“So do you think all this influencer marketing stuff is overhyped?” asked the CMO standing next to me two weeks ago. Like a veteran batter expecting and getting a curveball, I didn’t swing at this one too hard but rather went with the pitch so to speak, letting the conversation ebb and flow until it landed in just the right spot. That spot, for me, is the B2B influencer marketing program conceived and lead by IBMer Tami Cannizzaro. Having said that, I realized that I should dig a bit deeper and interview Cannizzaro on how the program came into being, what were the success metrics and what else she learned from the experience.
But before I get to the interview, I wanted to call your attention to the importance of not just “talking the talk” as a client. If you want to run an influencer program especially a B2B one, then at least one individual at the brand needs to invest the time to build individual relationships with the influencers and actively participate in their conversations. So without further ado, here is my conversation with Cannizaro which also serves as a partial recap of our panel discussion last week at the Social Media Insider Summit.
Neisser: When did the “VIP Influencer” program you are running for IBM Smarter Commerce conferences begin, where did the idea come from and what were your expectations Year 1?
Cannizaro: I recall speaking at a CMO Club Summit event in New York about two years ago and Ted Rubin and Margaret Molloy were sitting in the audience. They both actively tweeted my session and it received lots of great pickup by influential people in the marketing community. It hit me that we could scale this phenomenon and invite prolific social influencers to our events to extend the reach of the content beyond the four walls of the conference. In year one, my objective was simply to drive a robust social conversation that would amplify all of the great content coming out of the conference.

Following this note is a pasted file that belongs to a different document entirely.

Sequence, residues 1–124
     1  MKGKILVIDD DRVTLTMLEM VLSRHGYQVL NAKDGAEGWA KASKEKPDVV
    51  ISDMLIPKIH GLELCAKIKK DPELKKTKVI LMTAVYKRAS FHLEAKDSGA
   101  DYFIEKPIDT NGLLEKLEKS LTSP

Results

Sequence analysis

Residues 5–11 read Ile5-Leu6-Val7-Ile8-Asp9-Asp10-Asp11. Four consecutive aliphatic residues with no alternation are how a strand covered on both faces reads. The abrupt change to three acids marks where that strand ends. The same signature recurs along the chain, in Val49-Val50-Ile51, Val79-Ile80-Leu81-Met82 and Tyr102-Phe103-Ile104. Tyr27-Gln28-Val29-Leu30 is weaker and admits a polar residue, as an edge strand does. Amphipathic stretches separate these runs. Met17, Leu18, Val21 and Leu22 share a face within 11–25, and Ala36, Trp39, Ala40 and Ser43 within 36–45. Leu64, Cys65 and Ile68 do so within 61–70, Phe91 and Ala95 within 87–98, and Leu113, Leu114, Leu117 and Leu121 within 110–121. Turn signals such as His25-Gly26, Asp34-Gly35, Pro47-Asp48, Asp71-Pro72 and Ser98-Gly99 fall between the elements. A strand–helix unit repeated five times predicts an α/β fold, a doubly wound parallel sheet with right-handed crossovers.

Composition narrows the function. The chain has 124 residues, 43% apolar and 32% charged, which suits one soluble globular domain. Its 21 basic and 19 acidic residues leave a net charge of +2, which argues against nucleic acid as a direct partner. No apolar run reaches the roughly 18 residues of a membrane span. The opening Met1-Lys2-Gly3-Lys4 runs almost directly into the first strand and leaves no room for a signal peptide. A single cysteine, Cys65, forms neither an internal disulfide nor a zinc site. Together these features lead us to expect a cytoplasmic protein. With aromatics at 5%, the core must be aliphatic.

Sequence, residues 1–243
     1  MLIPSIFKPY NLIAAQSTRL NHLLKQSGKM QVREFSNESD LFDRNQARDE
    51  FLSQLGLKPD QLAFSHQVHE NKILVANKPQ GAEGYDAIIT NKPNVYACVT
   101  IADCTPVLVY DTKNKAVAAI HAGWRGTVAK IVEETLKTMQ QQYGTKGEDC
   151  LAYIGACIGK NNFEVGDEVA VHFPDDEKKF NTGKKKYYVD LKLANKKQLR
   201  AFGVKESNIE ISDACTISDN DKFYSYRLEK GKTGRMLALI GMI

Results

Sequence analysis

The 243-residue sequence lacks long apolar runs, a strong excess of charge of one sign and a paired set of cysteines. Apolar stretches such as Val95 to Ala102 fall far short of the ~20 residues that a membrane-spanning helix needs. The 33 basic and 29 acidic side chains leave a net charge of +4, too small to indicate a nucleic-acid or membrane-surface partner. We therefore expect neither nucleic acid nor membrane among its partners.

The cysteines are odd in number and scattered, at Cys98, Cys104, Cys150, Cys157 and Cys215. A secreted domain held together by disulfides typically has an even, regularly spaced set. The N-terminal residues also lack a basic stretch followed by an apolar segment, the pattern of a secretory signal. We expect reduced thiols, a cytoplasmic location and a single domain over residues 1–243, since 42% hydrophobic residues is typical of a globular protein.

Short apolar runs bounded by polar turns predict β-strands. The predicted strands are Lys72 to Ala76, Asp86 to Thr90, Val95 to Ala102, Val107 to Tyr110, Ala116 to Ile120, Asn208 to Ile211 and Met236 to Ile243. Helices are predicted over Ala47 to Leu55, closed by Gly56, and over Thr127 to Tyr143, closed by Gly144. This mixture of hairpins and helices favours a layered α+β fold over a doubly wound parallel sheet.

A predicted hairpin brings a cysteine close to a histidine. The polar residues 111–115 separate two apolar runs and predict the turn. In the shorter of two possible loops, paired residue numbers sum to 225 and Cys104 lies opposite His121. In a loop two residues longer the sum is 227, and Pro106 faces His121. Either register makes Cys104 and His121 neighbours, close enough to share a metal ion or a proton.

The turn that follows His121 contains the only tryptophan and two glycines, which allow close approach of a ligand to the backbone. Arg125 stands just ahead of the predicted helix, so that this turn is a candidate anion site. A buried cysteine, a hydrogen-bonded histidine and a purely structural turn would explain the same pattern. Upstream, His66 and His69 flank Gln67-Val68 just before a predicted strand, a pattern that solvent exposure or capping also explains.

Neisser: Did the program evolve in Year 2 (2013) and if so how?
Cannizaro: By year two, we scaled the program to 25 influencers and hired social media reporters to amplify the content. These social reporters tweeted, wrote short blogs and created shareable video content about the event. All reporters tweeted under a branded backchannel and identified themselves as reporters hired by IBM, so it was transparent. Between the influencer community and the reporters on site, the single conference this year yielded almost 300 million impressions and trended on Twitter as well. We also added a Social Business Command Center, which brought the activity to life and helped support broader participation and competition among our influencers. (I can still be heard bragging from time to time about my stint on the leader board!)
Neisser: What are the factors that guided you in putting together a list of influencers for the IBM Smarter Commerce Summits?
Cannizaro: My social media team monitors social channels and measures those influencers with the most “signal” in our industry—tools like OneQube can help you navigate, measure and manage social relationships. We wanted to field a group of influencers who were prolific at generating content and who also had a very engaged following. Some notable people include Jay Baer, Ted Rubin, Pam Moore, Bryan Kramer, Kim Garst, and Glen Gilmore. They have an active and influential voice in the community and a daily cadence of active publishing.
Neisser: Are there any pitfalls to avoid when putting together a program like this?
Cannizaro: The hard part is that you have to depend on good faith that the investment will yield. If you have a CEO focused on ROI, it may not be immediately evident how it’s returning back to the business. I liken it to a relationship with the analyst community. Nurtured over time, these relationships help you to build traction in the market and drive momentum for your brand. The pitfall is that it takes faith—and a lot of times, that isn’t enough to garner support for the program in the first place!